From the moment I began my demo with Streets of Rage 4 at PAX South, it felt like coming home. It might have been more than two decades since the first three games in the Streets of Rage series perfected the beat ‘em up formula on the Sega Genesis, but courtesy of developers Lizardcube, DotEmu, and Guard Crush, this legendary series is back and in good hands. This brand new entry aims to recapture all the style and balance of the originals, while introducing innovations of its own. If my demo is any indication, the game is set to achieve that.
Streets of Rage 4 uses the same elegant level design that set the original trilogy apart back on the Genesis. The gameplay is simple: keep walking to the right, taking out every enemy in front of you with all the jabs, kicks, jumps, and special moves at your disposal. If anything, the controls feel better than ever before, with an added level of precision and fluidity that simply wasn’t possible on older hardware.
That’s not to mention the new move sets. Beat ’em ups might not be the most complex genre around, but Streets of Rage 4 adds the perfect level of depth to the combat. It has the same simple jabs and kicks found in the original games, but spiced up with the potential for new combos and even a handful of extravagant new special moves. With new and old fighting mechanics, this new entry features plenty of room to experiment with combat but never loses the simple, arcade-like charm of the originals.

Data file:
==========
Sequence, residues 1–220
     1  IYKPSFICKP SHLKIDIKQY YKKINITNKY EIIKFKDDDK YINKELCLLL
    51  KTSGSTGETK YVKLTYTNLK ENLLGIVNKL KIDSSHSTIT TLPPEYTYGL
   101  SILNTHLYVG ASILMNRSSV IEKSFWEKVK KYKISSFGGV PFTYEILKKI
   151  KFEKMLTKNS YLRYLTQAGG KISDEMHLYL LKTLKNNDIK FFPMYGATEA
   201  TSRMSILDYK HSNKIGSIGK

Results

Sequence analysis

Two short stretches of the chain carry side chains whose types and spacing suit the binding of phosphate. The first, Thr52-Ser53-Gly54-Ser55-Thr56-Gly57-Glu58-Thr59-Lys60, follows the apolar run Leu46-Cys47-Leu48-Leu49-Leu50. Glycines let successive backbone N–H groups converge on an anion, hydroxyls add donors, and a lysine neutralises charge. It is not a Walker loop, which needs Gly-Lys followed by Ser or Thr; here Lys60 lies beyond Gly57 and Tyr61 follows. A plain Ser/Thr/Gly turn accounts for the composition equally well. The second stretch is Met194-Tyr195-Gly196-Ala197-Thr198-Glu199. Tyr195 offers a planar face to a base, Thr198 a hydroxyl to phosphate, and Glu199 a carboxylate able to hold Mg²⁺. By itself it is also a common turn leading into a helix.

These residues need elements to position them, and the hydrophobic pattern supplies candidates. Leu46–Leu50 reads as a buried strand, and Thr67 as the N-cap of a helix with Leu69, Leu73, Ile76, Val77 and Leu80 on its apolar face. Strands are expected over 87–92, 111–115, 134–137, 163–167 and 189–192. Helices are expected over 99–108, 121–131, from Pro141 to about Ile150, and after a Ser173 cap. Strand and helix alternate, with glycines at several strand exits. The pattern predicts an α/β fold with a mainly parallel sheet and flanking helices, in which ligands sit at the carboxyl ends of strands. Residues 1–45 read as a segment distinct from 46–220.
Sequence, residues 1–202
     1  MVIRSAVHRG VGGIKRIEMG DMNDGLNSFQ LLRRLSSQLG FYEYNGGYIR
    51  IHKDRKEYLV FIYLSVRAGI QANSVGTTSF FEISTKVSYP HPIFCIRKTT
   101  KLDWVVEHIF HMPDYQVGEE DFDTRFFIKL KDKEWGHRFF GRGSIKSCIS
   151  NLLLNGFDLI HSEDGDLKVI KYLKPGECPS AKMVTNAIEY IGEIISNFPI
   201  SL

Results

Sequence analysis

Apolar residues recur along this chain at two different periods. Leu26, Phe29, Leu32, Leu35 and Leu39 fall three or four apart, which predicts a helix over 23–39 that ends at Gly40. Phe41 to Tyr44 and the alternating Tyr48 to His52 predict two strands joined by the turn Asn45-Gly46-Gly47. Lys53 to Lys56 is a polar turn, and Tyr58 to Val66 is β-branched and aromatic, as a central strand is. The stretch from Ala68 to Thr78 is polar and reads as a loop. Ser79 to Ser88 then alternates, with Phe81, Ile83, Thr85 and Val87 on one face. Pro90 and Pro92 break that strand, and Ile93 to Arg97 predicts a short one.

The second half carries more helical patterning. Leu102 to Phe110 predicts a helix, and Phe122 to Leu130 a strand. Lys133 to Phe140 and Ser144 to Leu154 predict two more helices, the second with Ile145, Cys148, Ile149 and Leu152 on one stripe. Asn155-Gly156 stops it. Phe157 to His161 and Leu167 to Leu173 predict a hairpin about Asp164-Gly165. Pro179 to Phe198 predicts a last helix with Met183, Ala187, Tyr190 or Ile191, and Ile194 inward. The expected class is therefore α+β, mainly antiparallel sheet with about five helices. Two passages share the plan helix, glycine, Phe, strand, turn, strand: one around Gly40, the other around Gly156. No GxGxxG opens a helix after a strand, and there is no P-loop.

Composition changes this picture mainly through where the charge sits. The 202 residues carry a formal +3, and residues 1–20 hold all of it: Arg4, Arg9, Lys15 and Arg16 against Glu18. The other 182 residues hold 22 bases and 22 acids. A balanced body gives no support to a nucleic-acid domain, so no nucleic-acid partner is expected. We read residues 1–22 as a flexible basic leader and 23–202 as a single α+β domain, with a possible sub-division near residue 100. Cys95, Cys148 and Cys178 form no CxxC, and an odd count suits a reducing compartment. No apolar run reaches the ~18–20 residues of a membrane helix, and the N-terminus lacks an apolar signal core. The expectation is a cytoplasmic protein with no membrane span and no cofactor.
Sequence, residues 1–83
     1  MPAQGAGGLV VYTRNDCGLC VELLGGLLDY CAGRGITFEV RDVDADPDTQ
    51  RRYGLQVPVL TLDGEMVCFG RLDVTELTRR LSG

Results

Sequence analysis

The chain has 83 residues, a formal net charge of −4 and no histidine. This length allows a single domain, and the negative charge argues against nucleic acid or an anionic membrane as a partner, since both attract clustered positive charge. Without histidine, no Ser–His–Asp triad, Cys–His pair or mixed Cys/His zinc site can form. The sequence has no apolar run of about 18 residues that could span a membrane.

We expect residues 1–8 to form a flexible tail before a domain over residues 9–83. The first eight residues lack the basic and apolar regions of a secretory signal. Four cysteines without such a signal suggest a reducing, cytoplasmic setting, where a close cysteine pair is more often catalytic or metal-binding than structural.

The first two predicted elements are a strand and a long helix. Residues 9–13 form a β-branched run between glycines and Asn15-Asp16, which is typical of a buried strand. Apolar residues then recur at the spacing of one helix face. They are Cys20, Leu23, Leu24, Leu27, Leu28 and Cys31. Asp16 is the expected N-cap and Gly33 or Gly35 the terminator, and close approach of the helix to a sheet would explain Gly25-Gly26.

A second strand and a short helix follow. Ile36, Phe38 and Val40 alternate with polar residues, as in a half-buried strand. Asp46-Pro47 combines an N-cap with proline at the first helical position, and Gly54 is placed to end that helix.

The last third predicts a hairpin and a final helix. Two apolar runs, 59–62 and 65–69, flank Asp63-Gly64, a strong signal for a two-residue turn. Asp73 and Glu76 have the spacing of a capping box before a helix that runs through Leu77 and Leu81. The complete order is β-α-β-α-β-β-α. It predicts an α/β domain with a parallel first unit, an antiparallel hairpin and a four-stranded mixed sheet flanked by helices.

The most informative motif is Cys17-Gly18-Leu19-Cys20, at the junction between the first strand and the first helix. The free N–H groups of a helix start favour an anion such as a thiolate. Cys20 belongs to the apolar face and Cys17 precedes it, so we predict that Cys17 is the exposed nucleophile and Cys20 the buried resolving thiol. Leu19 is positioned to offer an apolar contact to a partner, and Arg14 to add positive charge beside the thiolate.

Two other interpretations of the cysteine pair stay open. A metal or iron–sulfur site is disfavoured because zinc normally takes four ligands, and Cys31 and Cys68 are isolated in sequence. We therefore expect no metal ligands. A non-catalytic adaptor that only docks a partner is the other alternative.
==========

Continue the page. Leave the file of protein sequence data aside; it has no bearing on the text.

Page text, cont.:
Streets of Rage 4 revives the series’ rage-filled and action-packed style for the twenty-first century
The demo included series staple characters like Axel and Blaze, yet I opted to play as an all-new character: Cherry Hunter, a guitar-wielding fighter whose move set felt very distinct from classic characters. Her movement is speedy, certainly faster than Axel but slower than Blaze, and her guitar provided for some unique melee moves. Like the new mechanics, her addition to the character roster helps shake up the Streets of Rage formula just enough, while maintaining the core beat ’em up simplicity that made the series special in the first place.
Streets of Rage 4 might innovate in a few areas, but one thing that’s clearly remained true to form is the difficulty. It boasts of the same old school difficulty that characterized the original games. The classic and brand new enemies are just as ruthless as ever, mercilessly crowding in around you and can easily overwhelm you if you’re not careful. However, just like the originals, the fighting feels so satisfying that it’s easy to keep coming back for more action.